Nikos Mantzaris participated in the online event “Just or ‘Fast’ Transition in North Macedonia” of the Environmental Charter Meeting Series, co-organized by Eko-svest and the Friedrich Ebert Stiftung on 16.6.2021. Naser Nuredini, Minister for Environment and Physical Planning of North Macedonia, Vasko Kovacevski, General Manager of AD ESM, Viktor Andonov, special advisor for energy to the Deputy Prime Minister in charge for economic affairs, and Elena Nikolovska from the environmental NGO Eko-svest also took part in the event.
Nikos Mantzaris presented the Greek experience of phasing out lignite and the course of the transition to the post-lignite era in Greece hitherto. More specifically, as far as Greece’s decision to phase out lignite is concerned, he pointed out that it was a result of many factors, starting from the Paris Agreement in 2015. The Agreement set in motion the amendment process of the EU legislation, thus resulting in very high CO2 prices and the end of subsidies for lignite and coal power plants, while, at the same time, the technological progress of renewable energy (RES) made them more competitive in comparison to fossil fuels. He also stressed that these changes are here to stay, since the EU Green Deal was selected as the main development strategy for the EU to 2050. All these political and economic facts led the Greek Prime Minister, in September 2019, to the announcement of the lignite phase out, originally by 2028, and then by 2025.
Of course, such a short transition period poses many challenges, starting from the environmental impacts caused from decades of lignite activity, combined with the dependence of local economies from lignite. In fact, the dependence is the highest among the mining regions of EU-27, according to comparisons with multiple indeces. Moreover, Western Macedonia starts its transition from a very unfavorable condition, having the highest unemployment rates and long-term unemployment rates, while the Peloponnese holds the sixth place. Unemployment is further deteriorated by the observed dramatic reduction of electricity generation from lignite, as Greece has the highest reduction rate among the EU-27 lignite producing countries.
Perhaps the most optimistic perspective for the transition of lignite areas in Greece stems from the joint action and close cooperation between the mayors of the areas in question and environmental NGOs and think tanks in recent years. These synergies have led to the establishment of a National Just Transition Fund, the inclusion of Western Macedonia as one of the 3 pilot regions in the Coal Regions in Transition Platform of the European Commission, the establishment by the former mayor of Kozani of the European Forum of Mayors on Just Transition, but also the opening of the public debate in Western Macedonia on issues of transition since 2016.
Nikos Mantzaris then described the main pillars of the European Just Transition Mechanism, belatedly announced in January 2020. He also lamented the inaction shown by previous Greek governments in formulating a transition plan for the country’s lignite regions, due to inability to understand the upcoming developments and efforts to perpetuate the lignite power generation model. He also presented the positive elements of the Greek Just Transition Development Plan, which began being shaped only in March 2020. These include the conservation of the energy character of lignite areas, the shift to RES and energy storage, the emphasis on the primary sector and research and innovation. At the same time, he also analyzed the shortcomings and the problems that accompany the plan, regarding both the procedures and the content. In addition to its central and top-down design, the negative aspects of the plan can be summed up in insufficient funding, focus on large-scale investments, limited focus on energy storage, unjustified use of fossil gas for heating, and lack of a land rehabilitation plan. As a result, more resources are needed, political parties need to reach consensus, local communities need to be part of the transition, through energy communities, and they also need to be better informed to be more involved in consultation and governance processes. Finally, he stressed that with the new facts set by the European Green Deal, the transition must necessarily be green, in order for it to be sustainable in the long-term.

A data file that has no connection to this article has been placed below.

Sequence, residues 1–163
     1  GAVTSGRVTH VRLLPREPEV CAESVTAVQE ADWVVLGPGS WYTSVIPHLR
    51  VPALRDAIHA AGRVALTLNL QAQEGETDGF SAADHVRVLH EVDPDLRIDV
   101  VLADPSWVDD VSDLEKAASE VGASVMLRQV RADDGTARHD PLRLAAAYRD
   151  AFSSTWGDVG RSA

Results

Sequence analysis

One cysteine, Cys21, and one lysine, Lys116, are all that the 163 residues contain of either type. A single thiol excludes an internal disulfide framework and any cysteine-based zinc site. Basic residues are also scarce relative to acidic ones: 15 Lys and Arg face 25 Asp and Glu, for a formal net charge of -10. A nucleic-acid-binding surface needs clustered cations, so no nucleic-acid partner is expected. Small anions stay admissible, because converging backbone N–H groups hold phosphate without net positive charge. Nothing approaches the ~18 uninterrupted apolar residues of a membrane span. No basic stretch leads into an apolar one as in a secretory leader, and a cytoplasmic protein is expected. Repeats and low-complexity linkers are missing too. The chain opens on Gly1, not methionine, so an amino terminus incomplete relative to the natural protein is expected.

Summing up, Nikos Mantzaris focused on the lessons from the case of Greece, from which other countries that are currently planning their transition can benefit. He stressed Greece’s big mistake of losing time from the planning of the next day, but also gave emphasis on the acceleration that was observed in the right direction after the announcement of the decision for de-lignitisation. The bottom line is that quick decisions, no matter how difficult, are the key to starting planning with the involvement of local communities. He also underlined the achievements of the mayors’ activity and stressed the usefulness of the participation and cooperation among NGOs, employees and mayors in the planning and implementation of the transition of lignite areas.
You can watch the whole speech here: